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It's a railways dog's life

“Laddie”, now in York Railway Museum

They say that there are 2 million more dogs in the UK now than there were a year ago. Now they’re workers and companions – on the railways they were much valued charity workers. It started in 1882 when a railway guard had the idea of training a dog to carry a collecting box to collect for railway orphans. A collie called “Help” was trained up and worked for nine years collecting over £1,000 (over £140,000 at today’s values). At first, they were called “begging dogs” but later the more respectable term “collecting dogs” was used. Airedale “Laddie”, pictured above, worked at London Waterloo station for seven years from 1949 collecting for the railway servants’ orphanage and home at Woking. When she died, she was stuffed and put in a glass case at Wimbledon station to continue her work. She now lives in the National Railway Museum at York.

When I worked at Slough station in the 1960s, one of my silent colleagues was “Station Jim”. He was a mongrel in poor health who had collected for the Widows & Orphans Fund for two years from 1894. He was trained to beg, bark, play dead or stand on his hind legs to acknowledge a donation in his collecting box. Another trick was to wear a railway hat and hold a clay pipe in his mouth. Like a lot of his colleagues, he was trained only to use the footbridge to cross the running lines. A complex character, he liked climbing ladders, putting out lighted matches and growling at the Salvation Army band. On his death he was stuffed and put in a glass case where he remains to this day on Platform 5 at Slough station.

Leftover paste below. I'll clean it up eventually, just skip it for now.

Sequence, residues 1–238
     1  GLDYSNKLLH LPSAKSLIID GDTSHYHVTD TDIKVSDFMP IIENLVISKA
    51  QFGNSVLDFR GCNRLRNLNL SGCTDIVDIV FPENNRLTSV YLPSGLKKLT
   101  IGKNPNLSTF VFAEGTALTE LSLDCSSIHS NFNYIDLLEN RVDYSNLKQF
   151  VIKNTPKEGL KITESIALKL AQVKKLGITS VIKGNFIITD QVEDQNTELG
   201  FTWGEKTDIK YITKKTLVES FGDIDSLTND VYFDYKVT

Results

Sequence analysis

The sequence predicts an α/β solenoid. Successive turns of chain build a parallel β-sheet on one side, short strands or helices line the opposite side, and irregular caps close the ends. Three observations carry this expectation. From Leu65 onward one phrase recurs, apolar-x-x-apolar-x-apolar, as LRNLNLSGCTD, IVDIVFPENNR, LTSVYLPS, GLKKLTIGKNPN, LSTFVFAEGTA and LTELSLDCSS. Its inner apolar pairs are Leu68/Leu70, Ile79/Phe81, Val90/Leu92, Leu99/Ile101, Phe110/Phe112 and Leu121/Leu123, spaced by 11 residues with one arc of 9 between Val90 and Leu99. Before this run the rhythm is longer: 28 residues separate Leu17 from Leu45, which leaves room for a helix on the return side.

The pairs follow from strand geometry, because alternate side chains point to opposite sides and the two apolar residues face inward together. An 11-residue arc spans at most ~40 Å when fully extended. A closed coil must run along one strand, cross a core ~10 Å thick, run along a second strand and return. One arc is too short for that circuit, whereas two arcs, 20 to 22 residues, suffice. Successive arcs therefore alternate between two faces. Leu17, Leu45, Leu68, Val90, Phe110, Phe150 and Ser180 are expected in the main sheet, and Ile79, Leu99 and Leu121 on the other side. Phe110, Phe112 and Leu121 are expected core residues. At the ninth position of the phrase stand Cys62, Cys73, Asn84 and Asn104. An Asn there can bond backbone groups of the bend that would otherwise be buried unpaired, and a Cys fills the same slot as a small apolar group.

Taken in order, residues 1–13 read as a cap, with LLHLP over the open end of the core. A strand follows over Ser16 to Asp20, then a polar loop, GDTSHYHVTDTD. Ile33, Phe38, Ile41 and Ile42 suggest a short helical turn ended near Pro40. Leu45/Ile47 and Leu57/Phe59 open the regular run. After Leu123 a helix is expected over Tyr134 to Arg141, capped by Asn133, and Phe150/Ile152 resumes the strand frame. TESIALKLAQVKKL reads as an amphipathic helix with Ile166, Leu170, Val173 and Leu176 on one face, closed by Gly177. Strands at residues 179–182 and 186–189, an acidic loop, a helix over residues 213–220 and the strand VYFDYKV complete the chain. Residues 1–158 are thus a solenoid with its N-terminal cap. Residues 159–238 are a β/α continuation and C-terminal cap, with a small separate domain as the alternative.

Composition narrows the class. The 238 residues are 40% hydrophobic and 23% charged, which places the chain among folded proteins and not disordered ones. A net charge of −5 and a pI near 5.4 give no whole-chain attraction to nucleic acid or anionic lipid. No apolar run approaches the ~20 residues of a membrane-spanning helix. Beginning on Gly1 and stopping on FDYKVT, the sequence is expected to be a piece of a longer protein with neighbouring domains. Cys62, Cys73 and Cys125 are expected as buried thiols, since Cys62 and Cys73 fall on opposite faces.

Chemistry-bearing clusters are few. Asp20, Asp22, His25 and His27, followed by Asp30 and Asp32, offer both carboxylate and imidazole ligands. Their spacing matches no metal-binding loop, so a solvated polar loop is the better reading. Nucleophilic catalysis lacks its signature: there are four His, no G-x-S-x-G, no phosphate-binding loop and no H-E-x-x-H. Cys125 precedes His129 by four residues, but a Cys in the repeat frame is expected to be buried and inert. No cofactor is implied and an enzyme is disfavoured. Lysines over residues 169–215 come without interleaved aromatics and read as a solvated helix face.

“Station Jim” at Slough

Royalty and VIPs were good targets for collecting dogs. Irish terrier/Airedale cross “Tim” at Paddington always received a sovereign coin and a pat from Queen Victoria who frequently passed through the station. King Edward VII and King George V are also recorded as donors to later collecting dogs. Millionaire Mr Astor gave “Tim” £200 in 1900 as a reward for his hard work. In 1896 thieves tried to upturn “Tim” to get coins to fall out of his collecting box – he bit back and they failed!

A painting of Paddington station’s famous “Tim”

Collecting dogs sometimes got onto trains whether they were supposed to or not. As celebrities, they were always recognised and sent back to their home stations. In 1905, one adventurous dog “Jim” working at Kingswear station in Devon managed to board a cargo ship in the harbour which had brought coal from Tyneside. He was found on the ship when it was on its way back to Tyneside. “Jim” had to wait aboard for the next load and came back to Devon the week after. Four years later, his fame brought him a sovereign from the Prince of Wales who was visiting the Royal Naval College at nearby Dartmouth.

There have been many other collecting dogs such as Bill, Lassie, Charley, Prince, Rover, Roy, Jack, Gip, Smut, Spot, Taff, Vic and Nell who have padded British railway platforms over the years. One St Bernard at Waterloo, “Mariegold of Clairvaux”, also raised money by starring in adverts for conditioning powders for dogs! Whether the name was aristocratic or normal, all of them worked in the name of charity and made real contributions to railway welfare funds over decades raising thousands of pounds.

Mike Peart

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